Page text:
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Lord Strathclyde: My Lords, I do not pretend for one moment that what I have said is any justification for perpetuating a real injustice; rather, that the inherent unfairness of life is something to be acknowledged. But unfairness is not in itself a reason for precipitating change without good grounds for believing that the alternative proposed would be better. I am not persuaded that the alternative, so far as your Lordships' House is concerned, would be better.
Let us look then at what the Opposition propose. The first phase of their proposal would result in a House comprised entirely of appointed Members. Where is the improvement in that? It has been said before that it would result in the biggest quango in the country. Like my noble friend Lady Young, I was interested yesterday to hear the noble Lord, Lord Irvine of Lairg, say that,
My noble friend the Lord Privy Seal spoke earlier today about how interim solutions have a tendency to become permanent. I agree that there is a danger of that happening in this case. But quite apart from that, what form would the second phase of the Opposition's proposed reform take? An elected second chamber, other than in a federal nation, would be a nonsense. I am glad to be able to agree with the noble Lord, Lord Rodgers of Quarry Bank, on that point. I am sorry to quote Mr. Enoch Powell again, but he is a great authority on the subject. He said that:
Even if that question could be satisfactorily answered, and I have not yet seen an answer which I find convincing--even among those put forward by the noble Lord, Lord Wallace of Saltaire--what would be the result?
Lord Wallace of Saltaire: My Lords, will the noble Lord tell us whether he thinks that the constitution of the United States is a nonsense from start to finish? It rests utterly on the principle that the Senate and the House of Representatives are both elected.
Lord Strathclyde: My Lords, I made the point about any federal system. There could, of course, be different arrangements. As the noble Lord himself and the noble Lord, Lord McIntosh of Haringey, pointed out, we do not have such a system. There is no demand for it. There are substantial problems in having two elected Houses in this Parliament, not least the unlikelihood of another place voting for it.
What would be the result? My noble friends Lord Campbell of Alloway and Lord Hindlip gave the answer. It would be a second chamber of professional politicians. Is that really what is wanted in a world where so many people already feel that public affairs are over-politicised? The noble Lord, Lord McConnell, reminded us of the dangers of simply following the practices of the House of Commons.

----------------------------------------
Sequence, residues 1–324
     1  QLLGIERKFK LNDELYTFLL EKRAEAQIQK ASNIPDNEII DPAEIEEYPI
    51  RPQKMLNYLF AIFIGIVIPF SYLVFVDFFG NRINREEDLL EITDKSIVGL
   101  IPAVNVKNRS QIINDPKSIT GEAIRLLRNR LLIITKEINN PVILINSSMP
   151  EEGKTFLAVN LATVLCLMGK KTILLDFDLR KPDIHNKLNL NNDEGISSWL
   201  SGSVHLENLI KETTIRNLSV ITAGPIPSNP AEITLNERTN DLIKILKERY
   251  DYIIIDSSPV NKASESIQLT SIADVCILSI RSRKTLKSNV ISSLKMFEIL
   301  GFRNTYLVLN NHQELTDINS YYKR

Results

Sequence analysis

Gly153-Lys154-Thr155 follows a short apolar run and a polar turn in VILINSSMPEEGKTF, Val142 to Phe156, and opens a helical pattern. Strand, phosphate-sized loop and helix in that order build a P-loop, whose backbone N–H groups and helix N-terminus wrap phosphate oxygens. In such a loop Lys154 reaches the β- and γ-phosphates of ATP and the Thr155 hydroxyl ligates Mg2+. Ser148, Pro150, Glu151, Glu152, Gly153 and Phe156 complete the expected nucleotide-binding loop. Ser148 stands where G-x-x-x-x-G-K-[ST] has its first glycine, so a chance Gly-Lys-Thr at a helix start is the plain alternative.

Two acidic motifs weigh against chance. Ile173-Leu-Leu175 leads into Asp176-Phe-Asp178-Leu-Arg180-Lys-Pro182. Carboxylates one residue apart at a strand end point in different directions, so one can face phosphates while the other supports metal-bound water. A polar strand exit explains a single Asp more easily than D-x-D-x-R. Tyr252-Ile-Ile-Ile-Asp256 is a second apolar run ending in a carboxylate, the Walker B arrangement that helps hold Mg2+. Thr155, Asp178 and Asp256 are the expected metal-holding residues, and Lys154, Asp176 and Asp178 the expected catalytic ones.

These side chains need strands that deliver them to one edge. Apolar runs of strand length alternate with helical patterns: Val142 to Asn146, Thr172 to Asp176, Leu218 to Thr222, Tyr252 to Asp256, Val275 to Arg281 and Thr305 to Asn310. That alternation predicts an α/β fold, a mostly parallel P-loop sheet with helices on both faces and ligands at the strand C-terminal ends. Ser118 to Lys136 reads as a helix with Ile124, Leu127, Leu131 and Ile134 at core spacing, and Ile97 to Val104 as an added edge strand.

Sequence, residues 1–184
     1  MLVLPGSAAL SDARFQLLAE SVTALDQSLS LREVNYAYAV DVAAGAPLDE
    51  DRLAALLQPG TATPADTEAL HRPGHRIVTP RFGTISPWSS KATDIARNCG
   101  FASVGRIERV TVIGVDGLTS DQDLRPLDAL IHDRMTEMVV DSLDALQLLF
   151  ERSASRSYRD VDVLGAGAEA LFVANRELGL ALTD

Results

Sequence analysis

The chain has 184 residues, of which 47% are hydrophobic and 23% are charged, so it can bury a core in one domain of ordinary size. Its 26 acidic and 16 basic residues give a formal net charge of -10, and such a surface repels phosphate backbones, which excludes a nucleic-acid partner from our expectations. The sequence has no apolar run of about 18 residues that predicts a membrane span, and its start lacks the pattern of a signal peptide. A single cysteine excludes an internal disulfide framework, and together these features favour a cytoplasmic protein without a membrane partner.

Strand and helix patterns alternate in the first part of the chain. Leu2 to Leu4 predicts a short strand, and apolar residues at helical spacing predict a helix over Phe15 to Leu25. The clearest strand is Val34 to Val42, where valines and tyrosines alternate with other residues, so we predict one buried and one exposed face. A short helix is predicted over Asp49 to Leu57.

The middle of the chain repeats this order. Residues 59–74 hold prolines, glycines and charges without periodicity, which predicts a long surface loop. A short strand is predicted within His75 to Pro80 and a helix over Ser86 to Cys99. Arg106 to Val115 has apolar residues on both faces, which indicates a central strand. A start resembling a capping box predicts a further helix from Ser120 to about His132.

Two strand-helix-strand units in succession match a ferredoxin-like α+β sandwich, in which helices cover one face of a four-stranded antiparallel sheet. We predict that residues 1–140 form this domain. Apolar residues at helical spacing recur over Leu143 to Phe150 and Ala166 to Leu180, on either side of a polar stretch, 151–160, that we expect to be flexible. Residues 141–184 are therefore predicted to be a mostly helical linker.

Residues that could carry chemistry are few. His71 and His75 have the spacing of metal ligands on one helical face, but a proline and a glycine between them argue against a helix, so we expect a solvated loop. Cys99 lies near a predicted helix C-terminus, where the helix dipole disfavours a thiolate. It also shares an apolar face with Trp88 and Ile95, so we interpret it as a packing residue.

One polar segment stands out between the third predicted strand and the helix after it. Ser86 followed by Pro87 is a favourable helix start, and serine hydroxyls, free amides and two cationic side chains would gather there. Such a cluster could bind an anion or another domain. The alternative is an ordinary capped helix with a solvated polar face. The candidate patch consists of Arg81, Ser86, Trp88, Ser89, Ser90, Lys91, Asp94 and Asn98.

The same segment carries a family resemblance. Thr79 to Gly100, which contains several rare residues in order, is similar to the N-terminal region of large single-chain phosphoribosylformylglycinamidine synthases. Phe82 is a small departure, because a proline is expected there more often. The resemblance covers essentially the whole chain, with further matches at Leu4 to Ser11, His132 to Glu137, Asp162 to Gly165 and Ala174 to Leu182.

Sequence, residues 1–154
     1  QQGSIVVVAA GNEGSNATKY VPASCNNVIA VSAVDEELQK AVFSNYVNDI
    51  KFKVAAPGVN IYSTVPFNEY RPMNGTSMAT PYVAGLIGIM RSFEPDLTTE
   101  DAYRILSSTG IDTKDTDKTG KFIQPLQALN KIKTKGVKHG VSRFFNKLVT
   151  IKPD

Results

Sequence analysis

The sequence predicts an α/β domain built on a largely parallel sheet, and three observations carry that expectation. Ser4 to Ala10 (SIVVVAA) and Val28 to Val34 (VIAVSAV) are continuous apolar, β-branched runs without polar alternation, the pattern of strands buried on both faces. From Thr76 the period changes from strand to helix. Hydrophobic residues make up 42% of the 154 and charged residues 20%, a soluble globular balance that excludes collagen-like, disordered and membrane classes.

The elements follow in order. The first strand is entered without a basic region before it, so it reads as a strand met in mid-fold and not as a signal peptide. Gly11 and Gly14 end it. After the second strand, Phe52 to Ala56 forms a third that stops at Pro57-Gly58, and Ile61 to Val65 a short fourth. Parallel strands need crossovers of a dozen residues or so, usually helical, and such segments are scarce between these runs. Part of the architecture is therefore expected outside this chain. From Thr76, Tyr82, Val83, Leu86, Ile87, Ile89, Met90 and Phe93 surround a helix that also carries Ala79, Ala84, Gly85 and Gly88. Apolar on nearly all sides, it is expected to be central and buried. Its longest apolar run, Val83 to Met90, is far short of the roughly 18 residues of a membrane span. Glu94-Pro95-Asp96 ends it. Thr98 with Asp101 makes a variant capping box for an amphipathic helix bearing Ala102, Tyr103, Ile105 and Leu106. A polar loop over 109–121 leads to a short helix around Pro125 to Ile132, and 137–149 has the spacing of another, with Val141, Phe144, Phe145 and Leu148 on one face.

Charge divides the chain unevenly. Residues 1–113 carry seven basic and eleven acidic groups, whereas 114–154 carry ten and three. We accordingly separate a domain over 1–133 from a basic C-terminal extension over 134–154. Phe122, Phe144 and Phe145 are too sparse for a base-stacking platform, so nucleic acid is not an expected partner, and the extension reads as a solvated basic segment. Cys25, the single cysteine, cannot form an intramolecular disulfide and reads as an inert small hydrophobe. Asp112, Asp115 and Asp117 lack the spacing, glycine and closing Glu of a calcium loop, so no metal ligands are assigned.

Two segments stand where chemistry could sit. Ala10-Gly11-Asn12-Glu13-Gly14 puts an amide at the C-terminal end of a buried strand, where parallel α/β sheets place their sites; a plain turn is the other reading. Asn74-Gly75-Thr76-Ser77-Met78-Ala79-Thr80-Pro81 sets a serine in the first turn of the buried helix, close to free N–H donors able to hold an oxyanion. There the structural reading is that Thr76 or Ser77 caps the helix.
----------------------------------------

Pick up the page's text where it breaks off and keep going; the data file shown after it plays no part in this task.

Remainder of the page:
The right reverend Prelate the Bishop of Chichester observed that your Lordships set an example of right conduct and proper relationships and behaviour to one another. How unusual that is in public life, and how much it would be undermined by greater politicisation of this House.
And for how long would such a second chamber be content with the limited powers of advice and delay which your Lordships exercise? There would no longer be justification for the constraints embodied in the Parliament Acts, and I doubt that an elected second chamber would observe the self-denying ordinances of your Lordships' House. Such a chamber would be hungry for more power. Do we really wish to set up such a rival to another place? That is what the Opposition seem to want. Would they not have confidence in their majority in the House of Commons? Seemingly not.
Some noble Lords, in particular the noble Lord, Lord Richard, suggested that the fundamental flaw of this House is its lack of democratic legitimacy. To them I say that our parliamentary system is firmly rooted in democratic principles. Power is concentrated in the House of Commons; an election must take place no later than five years after the last; and governments can be,
In conclusion, one striking aspect of this two-day debate is the number of questions that have been raised and the number of questions that have been unanswered. Many of those questions were posed to the party opposite. The noble Lord, Lord McIntosh of Haringey, did his best to answer some of them. If I may say so, impertinently, he did so with a great deal of skill. But I could not help wondering while he was making his speech whether the Opposition's original, clear plan was becoming increasingly muddled. The noble Lord raised a number of new questions that remain unanswered. Before the next general election the Labour Party will have to answer them.
Our debate has shown that our living constitution is a subject which commands passion on all sides of the House. I speak from the heart when I say that it is something too precious to be tampered with lightly.
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